The Opening of The Bottler's Room

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Geoffrey Ballard unveils the plaque in The Bottlers Room


Tolly Cobbold

On Tuesday 23rd April, 1996, St George’s Day, the country’s largest public collection of commemorative bottled beers was officially opened by Geoffrey Ballard, President of the Brewery History Society. The Bottler’s Room at Tolly Cobbold has been especially created as a celebration of English brewing and the role of beer in commemorating key events in history. The Bottler’s Room contains over 1,800 bottles and will be of interest to the regular visitors as well as the bottle enthusiast.

From time immemorial beer has been a strong thread winding through the tapestry of our social fabric and customs. Long before the Vikings came the Anglo-Saxons were already brewing. They introduced us to the practice of toasts, which we have continued to drink in beer to this day. People have gone to war on it. made peace on it, gone to work on it, and come home longing for it. The pub is today what it always has been, the working person’s club, and whatever the occasion it will quite likely to be celebrated, or condoled, with beer in the home or the pub. Despite being frowned upon by the Liberal Party who wanted to nationalise the industry at the beginning of this century and banish all our pubs to obscurity, hectored by a whole range of the "you can't do that" brigade with whom we have become so familiar of late, and subjected to bungled EC policy, despite all that and more, it survives today as vigorous and strong as ever because beer is in our social blood-stream.

The local brew has always been lauded and defended vigorously, discussed constantly by the knowledgeable and the ignorant in every bar. The owner of the brewery frequently belonged to the local squirearchy and the Head Brewer was usually a person of some consequence in the locality. Often the largest employer, with many an employee into the second or third generation, the brewery has been a focal point and played an important part in local life, and a long-established bond has been forged between brewer and customer.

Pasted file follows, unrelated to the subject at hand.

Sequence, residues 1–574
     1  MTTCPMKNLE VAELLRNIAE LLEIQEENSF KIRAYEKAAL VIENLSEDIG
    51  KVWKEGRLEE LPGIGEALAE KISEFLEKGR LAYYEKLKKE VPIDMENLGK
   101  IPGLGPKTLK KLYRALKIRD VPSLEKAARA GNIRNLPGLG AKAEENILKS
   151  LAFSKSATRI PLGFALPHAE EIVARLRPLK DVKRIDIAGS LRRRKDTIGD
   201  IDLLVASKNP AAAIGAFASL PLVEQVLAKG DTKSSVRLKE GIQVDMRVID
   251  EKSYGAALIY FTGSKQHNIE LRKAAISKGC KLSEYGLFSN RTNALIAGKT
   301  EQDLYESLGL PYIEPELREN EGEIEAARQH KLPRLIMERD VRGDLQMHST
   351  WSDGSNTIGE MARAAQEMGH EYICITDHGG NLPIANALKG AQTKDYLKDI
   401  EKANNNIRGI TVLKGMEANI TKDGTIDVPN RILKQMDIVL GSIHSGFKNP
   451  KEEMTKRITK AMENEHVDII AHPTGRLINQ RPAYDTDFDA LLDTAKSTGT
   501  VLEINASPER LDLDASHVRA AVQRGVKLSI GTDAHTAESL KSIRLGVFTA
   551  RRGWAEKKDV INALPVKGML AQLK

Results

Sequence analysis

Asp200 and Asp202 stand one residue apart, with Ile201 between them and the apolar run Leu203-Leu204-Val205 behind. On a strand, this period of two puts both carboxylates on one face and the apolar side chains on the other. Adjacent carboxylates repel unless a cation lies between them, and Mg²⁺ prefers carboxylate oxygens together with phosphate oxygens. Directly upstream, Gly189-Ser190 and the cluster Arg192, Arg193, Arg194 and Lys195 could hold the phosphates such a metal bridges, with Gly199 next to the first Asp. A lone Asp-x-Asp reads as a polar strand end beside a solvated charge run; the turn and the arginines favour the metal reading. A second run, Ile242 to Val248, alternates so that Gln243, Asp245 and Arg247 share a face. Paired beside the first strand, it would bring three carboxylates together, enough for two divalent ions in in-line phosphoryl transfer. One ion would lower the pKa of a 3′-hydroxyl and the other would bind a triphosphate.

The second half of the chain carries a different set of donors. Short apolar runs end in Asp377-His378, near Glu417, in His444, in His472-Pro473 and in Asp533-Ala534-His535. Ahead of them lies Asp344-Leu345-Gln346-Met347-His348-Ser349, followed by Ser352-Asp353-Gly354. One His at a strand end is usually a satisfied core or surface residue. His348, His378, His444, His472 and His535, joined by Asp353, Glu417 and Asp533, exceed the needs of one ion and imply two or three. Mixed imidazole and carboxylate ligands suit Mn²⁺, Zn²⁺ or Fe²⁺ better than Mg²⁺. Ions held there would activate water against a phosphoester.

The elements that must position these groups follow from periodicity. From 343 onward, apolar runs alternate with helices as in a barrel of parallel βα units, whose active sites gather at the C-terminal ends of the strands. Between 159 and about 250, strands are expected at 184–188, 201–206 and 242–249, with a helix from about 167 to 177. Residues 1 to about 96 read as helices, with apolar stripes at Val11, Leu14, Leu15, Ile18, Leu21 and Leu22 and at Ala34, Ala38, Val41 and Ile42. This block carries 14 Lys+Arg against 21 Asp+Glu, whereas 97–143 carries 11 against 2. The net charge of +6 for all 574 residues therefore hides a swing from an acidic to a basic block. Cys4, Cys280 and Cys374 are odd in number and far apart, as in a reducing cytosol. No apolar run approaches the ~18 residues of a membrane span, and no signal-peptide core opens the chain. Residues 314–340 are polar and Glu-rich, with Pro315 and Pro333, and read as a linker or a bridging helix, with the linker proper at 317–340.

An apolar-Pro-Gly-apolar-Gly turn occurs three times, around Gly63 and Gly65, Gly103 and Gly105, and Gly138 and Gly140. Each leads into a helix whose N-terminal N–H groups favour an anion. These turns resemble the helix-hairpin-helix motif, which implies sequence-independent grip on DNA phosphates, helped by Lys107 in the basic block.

Many products enjoy Brand Loyalty but in the case of beer it goes a lot further than that. Every day hundreds, sometimes thousands, make their pilgrimage to a brewery - and it's not just for the free beer. On the other hand, you don't very often hear of people going to visit a Potato Crisp factory, nor a tobacco or sweet factory for that matter, but it is difficult to envisage an in-depth discussion on the relative merits of different makes of crisps, or the cry "come on, eat up, it's my round, what's it to be, Smiths or Walkers?!" The Brand may be there but the Bond is lacking.

With all this interest and loyalty behind them, it is sad that brewery companies do not have a particularly good record as regards their own history, in many cases they have been downright careless. I am not sure that this is particularly reprehensible because there are very few long established commercial undertakings who have, but it seems the more sad because of the loyalty displayed by their customers.

Only one present-day company springs to mind as having retained for a century or more a clear perception of the importance of preserving its history. Those who attended our Archive Conference in Burton are unlikely to have forgotten Arthur Seddon recounting the year-on-year rejection of his vision of the Bass Museum, but that was a mere quarter of a century ago. To-day most breweries do have some sort of museum, usually as part of their visitor centre, but many are nothing like they could have been. Hopefully, this will mean that the haemorrhage of the history will at least be abated but it does it does take vision to be able to see today what will be of historical value tomorrow. That is really why this event is of such importance.